Shoot the Sequel: Then & Now America
Portrait of Humanity, 2020 © Lori Hawkins.Source:
What are the stories that define America? Presidents, protests, people, communities. Fights for freedom, the war on fake news; iconic art, music, fashion and literature. Landslides, legislation, conflict, celebrations; small actions and gestures that gave birth to movements.
As part of their new Shoot the Sequel campaign, MPB is collaborating with 1854/British Journal of Photography to commission two new bodies of work exploring major moments and narratives in America’s cultural history. At its heart, the commission seeks to explore how tales and themes traversed by generations of storytellers can be reimagined in the context of new photographers, different kit, and the contemporary socio-political backdrop.
MPB is an online platform that transforms the way people buy, sell and trade in photo and video kit. Recirculating more than 300,000 items of used kit every year (and extending the life and creative potential of photo and video equipment for creators all over the world), the MPB team includes trained camera experts and seasoned photographers; crucially, every piece of kit is inspected carefully by product specialists, and comes with a six-month warranty — so that buying used doesn’t have to mean sacrificing reliability.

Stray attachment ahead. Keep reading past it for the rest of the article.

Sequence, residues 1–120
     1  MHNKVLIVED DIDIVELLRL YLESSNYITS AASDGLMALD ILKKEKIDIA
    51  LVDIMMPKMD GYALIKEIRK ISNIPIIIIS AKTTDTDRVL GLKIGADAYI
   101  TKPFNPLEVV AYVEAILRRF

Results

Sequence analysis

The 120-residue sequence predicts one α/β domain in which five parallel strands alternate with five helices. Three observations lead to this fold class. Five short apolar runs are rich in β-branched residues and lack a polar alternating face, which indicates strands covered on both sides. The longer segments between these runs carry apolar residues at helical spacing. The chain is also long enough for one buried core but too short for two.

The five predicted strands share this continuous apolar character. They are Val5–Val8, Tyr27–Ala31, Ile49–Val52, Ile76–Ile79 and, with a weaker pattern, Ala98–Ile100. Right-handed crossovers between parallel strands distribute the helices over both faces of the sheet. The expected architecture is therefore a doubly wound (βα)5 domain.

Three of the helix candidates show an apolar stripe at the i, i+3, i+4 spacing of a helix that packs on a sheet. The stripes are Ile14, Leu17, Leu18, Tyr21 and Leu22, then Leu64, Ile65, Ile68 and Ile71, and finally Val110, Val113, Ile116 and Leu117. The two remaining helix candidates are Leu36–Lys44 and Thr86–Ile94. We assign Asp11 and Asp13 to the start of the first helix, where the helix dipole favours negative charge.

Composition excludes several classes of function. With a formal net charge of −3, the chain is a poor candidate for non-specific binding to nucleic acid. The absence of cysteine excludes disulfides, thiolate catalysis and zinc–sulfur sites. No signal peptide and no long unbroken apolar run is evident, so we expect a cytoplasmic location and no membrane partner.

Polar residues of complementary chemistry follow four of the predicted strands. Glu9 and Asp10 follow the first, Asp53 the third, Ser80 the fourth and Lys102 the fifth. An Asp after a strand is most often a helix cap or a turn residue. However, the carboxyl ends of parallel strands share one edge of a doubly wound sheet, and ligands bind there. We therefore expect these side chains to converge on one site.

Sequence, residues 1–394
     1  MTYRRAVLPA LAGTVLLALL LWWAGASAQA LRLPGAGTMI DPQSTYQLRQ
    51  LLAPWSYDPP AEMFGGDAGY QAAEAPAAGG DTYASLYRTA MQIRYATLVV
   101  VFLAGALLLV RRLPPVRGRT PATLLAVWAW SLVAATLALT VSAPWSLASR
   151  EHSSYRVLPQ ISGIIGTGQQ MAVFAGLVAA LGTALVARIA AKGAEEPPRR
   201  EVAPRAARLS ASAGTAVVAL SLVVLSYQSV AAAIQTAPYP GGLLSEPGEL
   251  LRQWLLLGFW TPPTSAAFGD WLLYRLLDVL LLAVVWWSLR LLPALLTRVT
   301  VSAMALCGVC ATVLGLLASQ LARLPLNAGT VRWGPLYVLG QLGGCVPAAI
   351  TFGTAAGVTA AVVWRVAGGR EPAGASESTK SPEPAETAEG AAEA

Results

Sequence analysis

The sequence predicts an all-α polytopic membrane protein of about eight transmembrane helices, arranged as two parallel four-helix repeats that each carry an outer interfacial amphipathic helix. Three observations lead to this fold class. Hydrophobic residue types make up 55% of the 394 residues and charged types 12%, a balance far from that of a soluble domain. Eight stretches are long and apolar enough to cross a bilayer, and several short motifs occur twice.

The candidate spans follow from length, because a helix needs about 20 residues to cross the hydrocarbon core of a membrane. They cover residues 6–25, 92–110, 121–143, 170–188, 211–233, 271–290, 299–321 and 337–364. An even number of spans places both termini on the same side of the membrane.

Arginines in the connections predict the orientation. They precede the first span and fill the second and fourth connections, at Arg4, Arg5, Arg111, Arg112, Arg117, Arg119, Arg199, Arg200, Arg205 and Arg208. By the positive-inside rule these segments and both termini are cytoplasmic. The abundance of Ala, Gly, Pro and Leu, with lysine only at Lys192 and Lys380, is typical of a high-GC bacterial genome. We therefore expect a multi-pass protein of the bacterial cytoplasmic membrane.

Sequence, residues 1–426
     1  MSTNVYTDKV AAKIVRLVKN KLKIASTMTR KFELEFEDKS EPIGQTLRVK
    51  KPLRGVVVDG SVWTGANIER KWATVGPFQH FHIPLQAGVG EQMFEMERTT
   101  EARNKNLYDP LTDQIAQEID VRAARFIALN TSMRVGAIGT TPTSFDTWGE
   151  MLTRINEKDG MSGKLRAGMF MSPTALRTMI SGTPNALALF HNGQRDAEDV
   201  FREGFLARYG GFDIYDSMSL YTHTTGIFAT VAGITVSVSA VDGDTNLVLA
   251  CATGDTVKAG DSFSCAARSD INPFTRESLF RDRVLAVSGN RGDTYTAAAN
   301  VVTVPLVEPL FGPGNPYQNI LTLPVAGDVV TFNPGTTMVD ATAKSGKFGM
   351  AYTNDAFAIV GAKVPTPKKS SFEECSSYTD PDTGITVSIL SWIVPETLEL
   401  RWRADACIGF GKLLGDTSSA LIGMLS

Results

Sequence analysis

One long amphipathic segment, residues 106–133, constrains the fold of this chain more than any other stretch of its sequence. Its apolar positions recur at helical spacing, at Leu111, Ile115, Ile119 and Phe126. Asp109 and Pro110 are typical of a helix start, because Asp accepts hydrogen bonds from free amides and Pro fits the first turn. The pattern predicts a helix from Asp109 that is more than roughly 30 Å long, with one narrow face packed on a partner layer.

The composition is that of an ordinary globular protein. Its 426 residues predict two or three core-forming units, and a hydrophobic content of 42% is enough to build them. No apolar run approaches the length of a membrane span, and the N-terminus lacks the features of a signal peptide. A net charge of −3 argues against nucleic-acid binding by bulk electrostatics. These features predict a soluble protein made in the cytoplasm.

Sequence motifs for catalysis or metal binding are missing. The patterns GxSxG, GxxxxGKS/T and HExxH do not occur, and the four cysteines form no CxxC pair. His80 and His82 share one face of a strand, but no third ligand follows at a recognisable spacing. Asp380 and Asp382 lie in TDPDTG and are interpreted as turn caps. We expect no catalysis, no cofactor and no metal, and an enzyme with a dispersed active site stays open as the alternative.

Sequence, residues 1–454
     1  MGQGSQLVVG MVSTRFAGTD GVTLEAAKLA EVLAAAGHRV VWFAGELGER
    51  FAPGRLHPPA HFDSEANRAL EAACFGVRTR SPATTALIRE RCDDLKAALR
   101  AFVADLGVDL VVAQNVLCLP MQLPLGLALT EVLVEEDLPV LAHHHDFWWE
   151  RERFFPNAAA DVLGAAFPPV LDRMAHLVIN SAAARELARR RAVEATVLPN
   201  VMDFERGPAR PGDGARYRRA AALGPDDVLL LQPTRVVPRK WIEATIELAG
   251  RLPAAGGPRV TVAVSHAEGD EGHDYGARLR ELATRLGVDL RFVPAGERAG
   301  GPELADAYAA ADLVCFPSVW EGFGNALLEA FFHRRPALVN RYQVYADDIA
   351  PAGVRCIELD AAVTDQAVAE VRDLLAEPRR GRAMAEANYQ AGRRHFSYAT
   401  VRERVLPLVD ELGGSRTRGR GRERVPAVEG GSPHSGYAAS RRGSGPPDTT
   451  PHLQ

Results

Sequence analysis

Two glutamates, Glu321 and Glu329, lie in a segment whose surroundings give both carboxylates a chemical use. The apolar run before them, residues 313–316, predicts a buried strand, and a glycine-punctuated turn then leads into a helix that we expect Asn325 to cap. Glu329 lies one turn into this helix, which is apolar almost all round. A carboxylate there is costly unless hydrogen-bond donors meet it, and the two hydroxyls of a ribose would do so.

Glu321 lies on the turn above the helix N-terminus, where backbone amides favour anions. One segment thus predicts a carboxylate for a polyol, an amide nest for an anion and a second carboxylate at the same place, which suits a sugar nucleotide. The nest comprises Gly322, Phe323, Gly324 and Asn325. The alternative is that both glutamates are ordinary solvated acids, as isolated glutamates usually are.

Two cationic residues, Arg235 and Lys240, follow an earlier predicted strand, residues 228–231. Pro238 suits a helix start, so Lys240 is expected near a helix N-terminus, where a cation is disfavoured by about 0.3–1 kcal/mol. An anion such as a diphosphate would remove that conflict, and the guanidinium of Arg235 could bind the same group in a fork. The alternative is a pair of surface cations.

“We know how important it is to have access to the kit and knowledge you need to pursue your passion,” says Tammy Oler, Head of US Marketing at MPB. “As a platform for used equipment, MPB is committed to making photography more accessible and affordable, while helping to visualize a more sustainable future.” With this in mind, MPB’s Shoot the Sequel campaign is about realising the boundless world of creative potential that lies in every piece of used photo kit. After all, “photographers can produce wildly different — but equally amazing — work with the same piece of kit throughout the course of its life,” says Oler. The Then & Now America commission is designed to bring this idea to life within a larger creative and cultural context.
“We’re thrilled to invite photographers to engage with the different ways America has been captured by generations of their peers,” Oler continues. “It feels particularly relevant right now, given how much turmoil and transformation we’ve been experiencing in the US. Now, more than ever, it’s important to visualize what’s happening, as well as what’s possible.”
Following the application and proposal process, two selected photographers will be awarded a US$7000 commission fee each to undertake their projects between February and March 2021. They will be required to shoot on digital, and will have the option to use MPB equipment.
“We hope the commission encourages audiences to look deeply at the ways American culture and history are imagined, and the power of the person who holds the camera,” says Oler. “In applicants, we’re looking for a unique approach and aesthetic, along with the desire to harness the creative potential of digital photo kit to produce a distinctive point of view on America’s identity.”
Flossie Skelton joined British Journal of Photography in 2019, where she is currently a staff writer. She does freelance writing, editing and campaign work across arts, culture and feminism; she has worked with BBC Arts, BRICKS Magazine, Belfast Photo Festival and Time’s Up. She is also an illustrator, with artwork published in Marie Claire, ES Magazine, Sunday Times Style and the Guardian.